The Beach Boys – Japan Jam ’79 (Zion-028)
The Beach Boys “Japan Jam ’79” (Zion-028)
Introduction / California Girls / Sloop John B / Darlin’ / Shortenin’ Bread / Do It Again / Roller Skating Child / Little Deuce Coupe / In My Room / Good Timin’ – Be True To Your School / It’s OK / Catch A Wave – Hawaii / Surfer Girl / Sumahama / Lady Lynda / Help me, Rhonda / Wouldn’t It Be Nice / Rock And Roll Music / I Get Around / Surfin’ USA / Good Vibrations / Barbara Ann / Fun Fun Fun (72:04)
By 1979 the Beach Boys were suffering from a few internal ructions. Brian was undeniably far from the musician he once was, taking part in recording sessions part time while the rest of the band were picking up the pieces of the bands legacy while one by one spreading out their wings and recording their solo albums.
Between all of this the band, as a unit, were still touring and as relentlessly as ever in support of their recently released and tanking “L.A. (Light Album)” that was getting a rounded and almost unanimous hoofing from the press notwithstanding the inclusion of the 10 minute disco version of “Here Comes The Night”, a frankenstein version of the ‘Wild Honey’ track.
It would be one of the last times the ‘original’ band would play in front of an audience – Minus Dennis who was kicked off of the tour earlier in the year after an moment of madness onstage, although he would re-appear in 1980, his time in the Beach Boys was coming coming to an end – and with Brian who wasn’t actually playing at full function, and is ornamental almost, still gathering himself up and combatting his stage fright.
The band played twice on consecutive nights at the Japan Jam festival on the 4th and 5th of August 1979.
The previous nights show has been booted (although in severely truncated form) on Dynamite Studio’s short CD “On The Beach” but tonight’s concert is the first time the full concert has been pressed to silver disk. It’s an audience recording, straight in the middle of the crowd, a little distant maybe but, due to the inclusion of a brace of american air-force personnel who were stationed near the festival and in attendance here along with a giddy bunch of regional festival goers, it can get a little noisy at times especially when, as the songs permit, the audience have to join in on hand claps. There are fluctuations in clarity to the tape. These happen a couple of times through out the duration as the sound brightens up a little then muffles again. It’s not disconcerting to hear though and doesn’t change much – once can only suppose it happened as the taper was afraid of getting busted for his work.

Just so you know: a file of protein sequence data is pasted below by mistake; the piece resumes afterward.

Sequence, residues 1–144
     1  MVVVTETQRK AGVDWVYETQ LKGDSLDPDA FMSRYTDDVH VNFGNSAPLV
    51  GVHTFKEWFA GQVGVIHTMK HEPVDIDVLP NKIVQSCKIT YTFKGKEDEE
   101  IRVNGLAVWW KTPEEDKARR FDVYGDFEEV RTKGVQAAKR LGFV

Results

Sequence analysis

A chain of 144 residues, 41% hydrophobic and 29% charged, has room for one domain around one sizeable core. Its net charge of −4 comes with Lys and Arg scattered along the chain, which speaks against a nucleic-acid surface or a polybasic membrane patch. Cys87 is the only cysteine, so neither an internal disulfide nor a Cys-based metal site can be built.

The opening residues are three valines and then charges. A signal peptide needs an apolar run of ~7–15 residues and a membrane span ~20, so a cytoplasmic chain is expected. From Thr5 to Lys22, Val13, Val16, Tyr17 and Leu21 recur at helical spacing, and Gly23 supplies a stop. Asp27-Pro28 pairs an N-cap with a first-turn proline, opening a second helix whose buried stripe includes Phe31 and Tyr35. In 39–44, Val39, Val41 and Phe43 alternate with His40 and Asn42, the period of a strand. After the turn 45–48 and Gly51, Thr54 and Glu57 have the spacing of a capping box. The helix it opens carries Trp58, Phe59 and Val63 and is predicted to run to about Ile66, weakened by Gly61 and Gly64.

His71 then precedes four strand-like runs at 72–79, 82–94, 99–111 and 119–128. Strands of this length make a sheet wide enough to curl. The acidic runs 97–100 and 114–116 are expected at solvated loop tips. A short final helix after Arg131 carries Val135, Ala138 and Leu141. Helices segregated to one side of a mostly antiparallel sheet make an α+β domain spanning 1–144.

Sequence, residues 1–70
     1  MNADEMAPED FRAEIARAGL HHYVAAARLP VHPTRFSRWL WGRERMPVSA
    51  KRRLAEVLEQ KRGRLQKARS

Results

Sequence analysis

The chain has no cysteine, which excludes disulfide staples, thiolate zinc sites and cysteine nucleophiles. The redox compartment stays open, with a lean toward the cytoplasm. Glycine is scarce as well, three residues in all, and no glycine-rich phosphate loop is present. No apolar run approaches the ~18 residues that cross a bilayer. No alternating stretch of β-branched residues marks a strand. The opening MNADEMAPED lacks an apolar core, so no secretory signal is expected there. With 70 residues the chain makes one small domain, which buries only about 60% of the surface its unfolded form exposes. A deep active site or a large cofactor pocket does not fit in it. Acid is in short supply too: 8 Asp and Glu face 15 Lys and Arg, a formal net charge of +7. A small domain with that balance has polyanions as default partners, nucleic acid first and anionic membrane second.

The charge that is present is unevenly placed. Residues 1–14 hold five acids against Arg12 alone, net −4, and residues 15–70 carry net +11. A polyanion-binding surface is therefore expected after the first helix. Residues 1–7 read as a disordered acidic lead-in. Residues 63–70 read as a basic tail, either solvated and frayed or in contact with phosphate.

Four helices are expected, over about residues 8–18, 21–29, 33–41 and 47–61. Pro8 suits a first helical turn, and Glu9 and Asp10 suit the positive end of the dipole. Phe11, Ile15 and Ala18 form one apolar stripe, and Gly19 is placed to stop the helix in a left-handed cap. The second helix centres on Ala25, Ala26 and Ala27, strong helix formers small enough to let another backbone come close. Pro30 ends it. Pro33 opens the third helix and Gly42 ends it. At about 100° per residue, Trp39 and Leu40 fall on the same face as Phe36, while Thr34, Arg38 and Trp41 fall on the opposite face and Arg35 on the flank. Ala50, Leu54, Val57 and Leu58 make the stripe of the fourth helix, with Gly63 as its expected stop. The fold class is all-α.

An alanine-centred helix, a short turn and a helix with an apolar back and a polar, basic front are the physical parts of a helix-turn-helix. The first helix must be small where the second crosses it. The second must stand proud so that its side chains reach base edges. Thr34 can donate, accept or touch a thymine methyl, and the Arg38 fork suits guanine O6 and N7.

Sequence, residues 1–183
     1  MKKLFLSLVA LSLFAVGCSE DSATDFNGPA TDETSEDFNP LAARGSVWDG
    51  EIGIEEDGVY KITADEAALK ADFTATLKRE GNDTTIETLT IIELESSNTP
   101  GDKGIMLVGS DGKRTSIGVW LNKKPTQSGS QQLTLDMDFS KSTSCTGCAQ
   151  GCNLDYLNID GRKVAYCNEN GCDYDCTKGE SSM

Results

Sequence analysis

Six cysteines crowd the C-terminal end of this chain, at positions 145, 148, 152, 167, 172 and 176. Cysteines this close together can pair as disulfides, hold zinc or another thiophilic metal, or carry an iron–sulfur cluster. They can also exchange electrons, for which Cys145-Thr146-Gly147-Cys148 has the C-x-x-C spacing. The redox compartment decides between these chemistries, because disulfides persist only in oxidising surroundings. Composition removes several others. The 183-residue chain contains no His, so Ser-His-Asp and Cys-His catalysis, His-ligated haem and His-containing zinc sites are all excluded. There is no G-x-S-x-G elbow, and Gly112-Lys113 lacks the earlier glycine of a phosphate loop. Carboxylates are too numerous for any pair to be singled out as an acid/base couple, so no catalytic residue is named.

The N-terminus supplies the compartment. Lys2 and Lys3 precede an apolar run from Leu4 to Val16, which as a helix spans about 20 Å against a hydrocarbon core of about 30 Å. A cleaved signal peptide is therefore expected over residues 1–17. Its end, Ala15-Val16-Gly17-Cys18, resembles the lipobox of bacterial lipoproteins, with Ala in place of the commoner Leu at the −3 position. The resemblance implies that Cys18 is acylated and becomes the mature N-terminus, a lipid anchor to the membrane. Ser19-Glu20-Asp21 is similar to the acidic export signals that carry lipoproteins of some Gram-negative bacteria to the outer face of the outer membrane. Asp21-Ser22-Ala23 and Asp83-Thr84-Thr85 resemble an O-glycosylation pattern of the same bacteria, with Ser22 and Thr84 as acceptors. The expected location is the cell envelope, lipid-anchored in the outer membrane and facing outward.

The set list reflects the changes of the newly released album along with the ‘best of .. ‘ hits that the band obviously rely on – beginning with “California Girls” and “Sloop John B”, it’s a near non-stop buzz of activity from the band as they slip effortlessly through out their career.
New to inclusion on the set list is “Shortenin’ Bread” – a rawer, piano boogie version of the traditional song. Carl’s roared vocals against the period styled backing and funky instrumentation (predominantly Bruce’s thunderous bass lines and Bobby Figueroa’s walloping drumming) help raise the temperature of the audience.
“Do It Again” is played wonderfully with a new incarnation – the extended intro is there but it’s pitched down just a little than previous years. It’s screaming, short guitar solo is joyous and cements the technical brilliance of the band even when outside of the studio.
Two tracks on the subject of wheels follow, one newer, one older in the form of “Roller Skating Child” from the ‘Love You’ album and “Little Deuce Coupe” from their third album of 1963. Both have the crowd as excited as the other like they were both standards.
The new track “Good Timin'” preceded “Be True To Your School”, not medley’d as the cover art might suggest, but it’s the latter that takes precedence in the set and has the crowd clapping again.
The true medley is “Catch A Wave” & “Hawaii” as suggested on the sleeve. Both as popular as each other – some of the crowd start to sing the harmonies before the band do.
Mike’s “Sumahama” could only really be played out live in the East and make sense to it’s audience. It has either enlightened or enraged someone in the audience by the sound of the noises made as it starts – for everyone else its a good chance to run to the bar. “Lady Lynda” that follows it is introduced and dedicated to Al’s wife who had joined the band on tour that day. It isn’t as deflating as “Sumahama” was but it still draws it’s fair share of approval from the audience.
The rest of the set continues in the ‘greatest hits’ vein – rocketing through some of the best of the upbeat tracks that the Beach Boys recorded while extending the intros and outros to pump the excitement – a trick that leads the set out lovingly.
It might not be one of the great soundboards that were dug up by Sea of Tunes from the Capitol archives nor is it a hollow mess that could have come from a festival set. For the inclusion of “Shortenin’ Bread” alone it’s a prime curiosity for Beach Boys fans and certainly better than some of the early 1980’s shows that showed the band in a less than flattering light.
A special mention should be made of the cover that fuses a live picture of the band at that era along with their official logo, the logo of the ‘Japan Jam ’79’ festival and throws in a backdrop of Hokusai’s “The Great Wave” (Very location appropriate .. ) to finish it all off.
Not a must have for everyone maybe but prime fodder for the Beach Boys collector.If you liked this review, buy me a cup of joe. (Suggested: $3 a shot or $7.5 for a double)